4 out of 5 stars.
I would like to thank The Experiment for allowing me an ARC of this book in exchange for an open and honest review.
This book is hard to describe. I want to say “What a great book” but feel that would be an incredibly dull understatement.
‘Growing Tomorrow’ is like a feel good true story, a snap shot of how farming SHOULD be done and a cry for help to the younger generations to ensure these practices are kept going all in one. Yeah, that didn’t make it sound any clearer, did it?
What I can say is that I loved this book. Although a non-fiction work, it was fantastic to curl up on the couch with while having a cuppa. The only “negative” (and it isn’t one) is that I wish there was a similar book done here in Australia. After reading of all the author’s travels, all the farms seen, people met and foods tasted – I’d volunteer to do the Australian one! Pick me!
I would also like to send out a huge thank you to all the farmers and producers who took part in this book. The world needs more dedicated food heroes like you and I really do hope generations to come will learn from your ethics and keep producing foods the way they should be – in season, organically and in balance with their environment. Well done!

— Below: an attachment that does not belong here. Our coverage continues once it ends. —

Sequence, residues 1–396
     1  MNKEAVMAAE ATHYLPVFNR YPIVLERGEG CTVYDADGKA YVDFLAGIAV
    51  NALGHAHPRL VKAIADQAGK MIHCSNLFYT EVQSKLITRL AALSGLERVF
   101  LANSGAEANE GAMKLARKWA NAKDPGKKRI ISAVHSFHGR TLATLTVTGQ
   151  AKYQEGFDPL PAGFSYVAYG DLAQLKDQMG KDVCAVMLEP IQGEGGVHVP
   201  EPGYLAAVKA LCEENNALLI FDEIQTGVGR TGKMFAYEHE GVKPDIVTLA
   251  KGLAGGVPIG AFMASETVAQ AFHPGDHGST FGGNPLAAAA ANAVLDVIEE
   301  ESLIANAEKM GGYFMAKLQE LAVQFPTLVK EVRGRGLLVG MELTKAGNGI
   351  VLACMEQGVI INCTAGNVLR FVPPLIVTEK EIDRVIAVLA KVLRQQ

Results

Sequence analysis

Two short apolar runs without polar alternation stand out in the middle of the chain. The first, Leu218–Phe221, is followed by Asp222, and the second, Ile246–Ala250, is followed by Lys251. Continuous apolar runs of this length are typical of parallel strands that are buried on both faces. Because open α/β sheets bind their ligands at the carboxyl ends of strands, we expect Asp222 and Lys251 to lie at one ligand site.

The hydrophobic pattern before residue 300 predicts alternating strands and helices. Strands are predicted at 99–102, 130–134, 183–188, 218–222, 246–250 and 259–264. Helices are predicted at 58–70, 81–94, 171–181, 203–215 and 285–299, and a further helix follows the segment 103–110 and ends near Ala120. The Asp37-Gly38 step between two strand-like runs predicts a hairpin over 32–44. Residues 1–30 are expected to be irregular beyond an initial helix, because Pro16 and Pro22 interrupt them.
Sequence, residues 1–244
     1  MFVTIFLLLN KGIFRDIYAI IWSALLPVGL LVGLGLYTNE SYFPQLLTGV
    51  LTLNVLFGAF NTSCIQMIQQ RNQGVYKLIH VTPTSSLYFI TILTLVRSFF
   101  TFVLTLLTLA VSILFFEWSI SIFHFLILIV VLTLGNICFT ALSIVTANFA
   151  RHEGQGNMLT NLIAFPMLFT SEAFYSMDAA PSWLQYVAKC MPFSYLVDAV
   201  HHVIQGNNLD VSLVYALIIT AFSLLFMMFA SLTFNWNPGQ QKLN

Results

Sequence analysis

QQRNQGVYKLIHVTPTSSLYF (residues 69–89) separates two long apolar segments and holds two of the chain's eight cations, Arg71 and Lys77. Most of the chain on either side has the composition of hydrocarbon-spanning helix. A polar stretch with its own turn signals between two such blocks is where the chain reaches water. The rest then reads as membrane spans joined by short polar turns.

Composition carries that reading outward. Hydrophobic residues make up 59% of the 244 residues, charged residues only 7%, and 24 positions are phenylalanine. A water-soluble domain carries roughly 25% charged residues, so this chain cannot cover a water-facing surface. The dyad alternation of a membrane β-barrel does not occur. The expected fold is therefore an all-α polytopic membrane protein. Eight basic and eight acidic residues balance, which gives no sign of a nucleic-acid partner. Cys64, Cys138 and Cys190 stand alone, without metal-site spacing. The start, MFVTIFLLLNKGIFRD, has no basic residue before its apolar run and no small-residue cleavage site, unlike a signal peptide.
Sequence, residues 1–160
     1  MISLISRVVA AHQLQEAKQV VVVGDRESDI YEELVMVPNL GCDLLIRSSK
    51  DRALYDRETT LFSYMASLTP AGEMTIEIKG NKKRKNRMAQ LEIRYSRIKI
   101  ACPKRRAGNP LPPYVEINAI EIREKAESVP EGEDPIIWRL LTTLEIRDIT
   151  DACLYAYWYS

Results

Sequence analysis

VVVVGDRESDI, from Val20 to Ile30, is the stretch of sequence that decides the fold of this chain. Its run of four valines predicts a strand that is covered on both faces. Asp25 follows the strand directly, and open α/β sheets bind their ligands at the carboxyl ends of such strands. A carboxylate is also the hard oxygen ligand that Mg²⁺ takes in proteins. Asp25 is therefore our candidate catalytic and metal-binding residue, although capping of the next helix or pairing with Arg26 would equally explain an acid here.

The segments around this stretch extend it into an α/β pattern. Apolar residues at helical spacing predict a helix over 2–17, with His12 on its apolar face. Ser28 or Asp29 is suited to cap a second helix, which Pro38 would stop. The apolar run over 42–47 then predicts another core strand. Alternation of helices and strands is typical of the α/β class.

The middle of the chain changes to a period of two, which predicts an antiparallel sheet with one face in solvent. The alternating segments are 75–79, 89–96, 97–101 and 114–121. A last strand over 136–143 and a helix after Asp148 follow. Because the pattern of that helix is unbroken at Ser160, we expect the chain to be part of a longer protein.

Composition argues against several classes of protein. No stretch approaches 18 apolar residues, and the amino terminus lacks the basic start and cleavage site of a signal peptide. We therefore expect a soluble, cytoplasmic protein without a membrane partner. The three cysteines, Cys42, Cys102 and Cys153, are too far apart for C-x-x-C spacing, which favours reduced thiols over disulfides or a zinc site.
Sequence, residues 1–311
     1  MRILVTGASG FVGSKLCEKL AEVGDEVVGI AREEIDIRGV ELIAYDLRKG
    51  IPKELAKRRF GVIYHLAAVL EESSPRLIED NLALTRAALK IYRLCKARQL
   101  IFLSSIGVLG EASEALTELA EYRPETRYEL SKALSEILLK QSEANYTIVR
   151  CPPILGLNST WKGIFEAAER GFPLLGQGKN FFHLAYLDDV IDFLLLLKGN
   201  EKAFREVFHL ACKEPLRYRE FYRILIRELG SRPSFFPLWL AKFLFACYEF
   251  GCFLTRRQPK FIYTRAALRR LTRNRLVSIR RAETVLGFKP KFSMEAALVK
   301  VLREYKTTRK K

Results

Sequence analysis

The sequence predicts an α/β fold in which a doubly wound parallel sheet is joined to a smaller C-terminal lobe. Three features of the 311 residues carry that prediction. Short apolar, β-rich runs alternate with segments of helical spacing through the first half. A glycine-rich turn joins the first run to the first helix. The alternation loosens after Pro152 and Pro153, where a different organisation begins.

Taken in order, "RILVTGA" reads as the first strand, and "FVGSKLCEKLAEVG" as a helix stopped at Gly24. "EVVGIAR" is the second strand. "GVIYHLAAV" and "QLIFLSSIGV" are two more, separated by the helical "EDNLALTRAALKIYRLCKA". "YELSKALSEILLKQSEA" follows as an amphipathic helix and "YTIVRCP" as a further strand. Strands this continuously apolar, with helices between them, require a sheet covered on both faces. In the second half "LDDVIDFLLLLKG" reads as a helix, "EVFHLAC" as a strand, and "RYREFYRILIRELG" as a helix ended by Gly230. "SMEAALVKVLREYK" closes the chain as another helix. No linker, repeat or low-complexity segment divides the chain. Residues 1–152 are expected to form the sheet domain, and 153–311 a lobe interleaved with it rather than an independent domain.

How can I describe this book? The brief run down is it’s a book of short stories that are true, almost like blog posts. Each one focusses on a farmer or producer from around the United States and also includes some rather yummy sounding recipes. I feel the long run down is similar, but contains a lot more heart, soul and passion in it. This isn’t just a book on farmers and what they grow, it is something that highlights an opportunity we can’t let escape. A chance to encourage we, the consumers, to choose more wisely where our foods come from and to respect our farmers and producers a lot more than most do. Thank them, rather than take them for granted. They’re the people feeding you!
Would I recommend this book to others? Yes I would. Though, when recommending it to my fellow Aussies I would be lamenting that we don’t have as good a snapshot of our farmers as the ones shown in ‘Growing Tomorrow’.
Would I buy this book for myself? Bookshelf space would be tight, but I could definitely see it finding a home in amongst my gardening and animal husbandry books. If nothing else, I would turn to it when needing to be inspired as to why we try to live the way we do from our own backyard produce as well as supporting our local farmers.
In summary: ‘Growing Tomorrow’ reminds me of how blessed I am to live in one of Australia’s ‘food bowls’ where I can talk to my farmers, as well as support them. But it is also a beacon to be held out to all consumers to help them realise why these sorts of agriculture should be supported, respected and how we all farm in the future. What an inspiring and feel good book!
Until next time,